If your test case has too many test steps you might want to think about breaking up the test case into a set of smaller ones.

If the test case contains a long list of test steps, and an error occurs somewhere, the developer will have to backtrack and repeat all the test steps, which he or she might not do, either by accident, or because he/she is just being lazy.

#3 – If there are only few test steps write a checklist instead

Having too many test steps can be a disadvantage for the tester, too. The tester may have to repeat each one of the test steps to ensure that the bug is fixed. You should aim to have between 3 to 8 test steps in a test case.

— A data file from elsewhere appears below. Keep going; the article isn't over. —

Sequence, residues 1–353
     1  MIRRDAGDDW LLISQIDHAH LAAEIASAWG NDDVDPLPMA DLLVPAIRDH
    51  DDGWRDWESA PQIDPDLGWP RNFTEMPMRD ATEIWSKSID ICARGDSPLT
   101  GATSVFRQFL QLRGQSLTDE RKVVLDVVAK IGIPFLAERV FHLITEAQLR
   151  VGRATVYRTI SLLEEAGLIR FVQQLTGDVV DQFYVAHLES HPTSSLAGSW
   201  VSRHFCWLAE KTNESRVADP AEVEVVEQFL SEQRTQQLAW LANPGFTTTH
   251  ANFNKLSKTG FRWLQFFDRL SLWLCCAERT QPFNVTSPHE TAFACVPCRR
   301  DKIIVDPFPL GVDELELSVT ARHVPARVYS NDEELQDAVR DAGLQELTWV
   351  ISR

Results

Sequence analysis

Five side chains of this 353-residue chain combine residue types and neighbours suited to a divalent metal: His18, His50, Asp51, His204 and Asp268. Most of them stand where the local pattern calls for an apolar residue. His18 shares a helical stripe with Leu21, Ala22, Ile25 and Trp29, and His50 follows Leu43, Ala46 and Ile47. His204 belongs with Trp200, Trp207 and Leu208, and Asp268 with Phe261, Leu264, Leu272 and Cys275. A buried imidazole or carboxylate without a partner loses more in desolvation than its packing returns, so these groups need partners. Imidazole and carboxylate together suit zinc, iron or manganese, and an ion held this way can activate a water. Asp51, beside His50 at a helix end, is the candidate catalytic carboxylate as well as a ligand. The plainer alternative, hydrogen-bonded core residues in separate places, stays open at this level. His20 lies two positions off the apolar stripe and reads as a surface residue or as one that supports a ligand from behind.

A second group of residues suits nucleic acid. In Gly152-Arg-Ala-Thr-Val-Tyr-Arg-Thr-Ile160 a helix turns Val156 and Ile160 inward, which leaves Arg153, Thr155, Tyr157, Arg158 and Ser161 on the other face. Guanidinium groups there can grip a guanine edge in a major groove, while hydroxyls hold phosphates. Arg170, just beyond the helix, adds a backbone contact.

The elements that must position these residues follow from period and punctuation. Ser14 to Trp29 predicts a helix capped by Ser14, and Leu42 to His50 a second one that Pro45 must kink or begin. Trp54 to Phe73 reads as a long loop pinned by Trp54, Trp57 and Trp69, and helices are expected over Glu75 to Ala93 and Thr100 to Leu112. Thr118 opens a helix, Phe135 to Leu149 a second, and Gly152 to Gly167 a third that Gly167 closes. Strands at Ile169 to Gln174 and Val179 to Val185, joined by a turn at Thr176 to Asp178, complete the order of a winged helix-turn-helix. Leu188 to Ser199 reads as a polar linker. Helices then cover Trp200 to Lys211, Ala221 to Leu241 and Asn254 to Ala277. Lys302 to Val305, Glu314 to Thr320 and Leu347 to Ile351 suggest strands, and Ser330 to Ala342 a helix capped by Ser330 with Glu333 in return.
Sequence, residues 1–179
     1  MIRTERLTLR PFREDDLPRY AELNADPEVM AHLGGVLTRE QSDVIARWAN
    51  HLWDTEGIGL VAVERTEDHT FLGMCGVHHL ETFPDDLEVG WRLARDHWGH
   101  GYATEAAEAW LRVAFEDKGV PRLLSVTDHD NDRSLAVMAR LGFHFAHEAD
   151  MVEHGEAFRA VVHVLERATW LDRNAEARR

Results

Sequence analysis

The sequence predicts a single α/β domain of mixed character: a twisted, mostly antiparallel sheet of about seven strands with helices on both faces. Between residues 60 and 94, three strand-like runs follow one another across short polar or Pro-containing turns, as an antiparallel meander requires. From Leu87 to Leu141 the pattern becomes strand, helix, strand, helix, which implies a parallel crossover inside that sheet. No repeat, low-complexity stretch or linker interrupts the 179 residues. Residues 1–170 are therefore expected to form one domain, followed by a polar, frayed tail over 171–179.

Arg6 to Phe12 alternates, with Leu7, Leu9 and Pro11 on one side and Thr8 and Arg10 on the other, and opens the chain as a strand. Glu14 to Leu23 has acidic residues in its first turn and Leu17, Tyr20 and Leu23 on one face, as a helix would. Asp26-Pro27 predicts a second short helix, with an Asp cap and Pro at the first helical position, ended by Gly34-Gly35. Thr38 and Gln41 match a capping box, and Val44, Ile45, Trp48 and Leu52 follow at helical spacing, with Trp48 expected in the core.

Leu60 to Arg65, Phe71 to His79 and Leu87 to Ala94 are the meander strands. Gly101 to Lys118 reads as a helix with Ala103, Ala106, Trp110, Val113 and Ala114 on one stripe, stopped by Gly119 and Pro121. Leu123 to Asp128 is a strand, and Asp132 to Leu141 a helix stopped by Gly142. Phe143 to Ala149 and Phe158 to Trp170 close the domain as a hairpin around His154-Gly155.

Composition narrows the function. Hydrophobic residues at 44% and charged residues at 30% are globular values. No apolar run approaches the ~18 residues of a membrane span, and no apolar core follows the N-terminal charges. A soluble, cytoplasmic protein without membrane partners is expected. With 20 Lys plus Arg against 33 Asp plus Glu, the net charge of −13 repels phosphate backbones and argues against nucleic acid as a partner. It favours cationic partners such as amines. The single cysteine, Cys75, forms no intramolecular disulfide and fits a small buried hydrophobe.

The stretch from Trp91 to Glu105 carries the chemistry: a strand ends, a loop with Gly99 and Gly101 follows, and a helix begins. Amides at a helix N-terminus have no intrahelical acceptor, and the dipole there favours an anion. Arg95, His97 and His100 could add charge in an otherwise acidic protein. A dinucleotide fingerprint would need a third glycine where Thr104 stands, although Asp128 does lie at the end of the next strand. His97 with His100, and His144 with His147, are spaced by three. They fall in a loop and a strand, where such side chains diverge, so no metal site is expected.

If you have only a few test steps, you should consider making a checklist instead; keeping track of a lot of small test cases might not be worthwhile.

Checklists are similar to test cases but they are much more simplified. It’s typical for a test case to contain lots of fields and contents such as the subsystem or priority, and additionally, you’ll usually have several steps in your test case, each step to be validated.

Checklists are different; they consist of steps just as test cases but don’t have any of the fields and content such as type of test case or subsystem, which we find in a test case. Typically, checklists don’t belong to a specific subsystem or else are more of a general instruction to the tester.

If you have only a few test steps, consider making a checklist instead.

Furthermore, when working with checklists or test cases remember you can filter out test cases by a number of parameters, for example, the subsystem concerned, auditor, created by, priority, etc.

A pro of checklists is that they are very easy to create and you can write them rapidly as they are not as complex as a test case, but the downside is that you do not get as much follow up as you can from test cases.